Capital, Nationality, and State Sovereignty: New Links for the 21st Century
Ph.D. Candidate at Paris School of Economics, 48 Boulevard Jourdan, 75014, Paris
Please cite the paper as:
Marc Morgan-Milá, (2016), Capital, Nationality, and State Sovereignty: New Links for the 21st Century, World Economics Association (WEA) Conferences, No. 1 2016, Capital Accumulation, Production and Employment:, 15th May to 15th July 2016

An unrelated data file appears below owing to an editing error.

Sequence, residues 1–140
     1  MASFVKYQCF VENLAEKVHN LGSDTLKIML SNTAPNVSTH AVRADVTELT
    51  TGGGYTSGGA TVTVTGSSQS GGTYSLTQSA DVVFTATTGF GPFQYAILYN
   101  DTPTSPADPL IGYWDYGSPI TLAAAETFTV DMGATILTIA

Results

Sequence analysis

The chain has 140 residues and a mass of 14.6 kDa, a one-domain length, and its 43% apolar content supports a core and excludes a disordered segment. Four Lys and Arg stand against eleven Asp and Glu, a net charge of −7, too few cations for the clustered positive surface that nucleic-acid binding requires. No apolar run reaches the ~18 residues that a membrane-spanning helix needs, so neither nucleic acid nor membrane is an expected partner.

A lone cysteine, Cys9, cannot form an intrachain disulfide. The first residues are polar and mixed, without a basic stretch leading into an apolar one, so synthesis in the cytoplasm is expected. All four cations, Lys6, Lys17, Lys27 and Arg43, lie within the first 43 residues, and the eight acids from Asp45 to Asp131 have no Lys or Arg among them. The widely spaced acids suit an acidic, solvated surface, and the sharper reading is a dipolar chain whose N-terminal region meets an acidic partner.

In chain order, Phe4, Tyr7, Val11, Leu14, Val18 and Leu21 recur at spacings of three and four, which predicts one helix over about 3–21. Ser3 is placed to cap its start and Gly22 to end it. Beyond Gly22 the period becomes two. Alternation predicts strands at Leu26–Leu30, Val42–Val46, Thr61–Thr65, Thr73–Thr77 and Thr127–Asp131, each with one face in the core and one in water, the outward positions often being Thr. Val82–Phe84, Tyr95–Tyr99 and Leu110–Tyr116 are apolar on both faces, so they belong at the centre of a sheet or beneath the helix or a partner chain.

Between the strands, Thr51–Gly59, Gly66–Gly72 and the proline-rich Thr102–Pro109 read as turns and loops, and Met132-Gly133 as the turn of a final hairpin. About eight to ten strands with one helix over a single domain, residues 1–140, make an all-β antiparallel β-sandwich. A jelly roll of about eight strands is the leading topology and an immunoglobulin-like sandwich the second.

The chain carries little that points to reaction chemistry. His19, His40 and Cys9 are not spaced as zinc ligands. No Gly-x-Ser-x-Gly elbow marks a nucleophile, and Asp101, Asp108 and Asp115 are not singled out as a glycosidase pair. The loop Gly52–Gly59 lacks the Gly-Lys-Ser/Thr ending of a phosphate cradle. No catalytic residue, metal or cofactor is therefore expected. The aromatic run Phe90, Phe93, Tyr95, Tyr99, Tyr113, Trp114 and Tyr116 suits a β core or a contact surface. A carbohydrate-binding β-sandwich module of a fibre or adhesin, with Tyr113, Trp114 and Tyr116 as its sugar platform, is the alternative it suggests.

This paper investigates the link between capital, nationality and state sovereignty, both historically and in the context of our current globalized world. It challenges the conventional viewpoint that capital has no nationality, which implies limited state sovereignty with regards to fiscal policy and developmental strategies. I argue that while capital does not properly ascribe to a de jure nationality, it has always had a de facto nationality that follows the nationality of the capitalist, as testified by the history of economic policy and decision- making. But the political-economy paradigms within which this nationality has been manifested have changed over time and so have the tools for states to preserve their sovereignty. In the current environment of advanced information technology, fiscal competition and an increasing presence of tax havens, I motivate and evaluate various proposals to give capital a de jure nationality for the benefit of state sovereignty in the 21st century.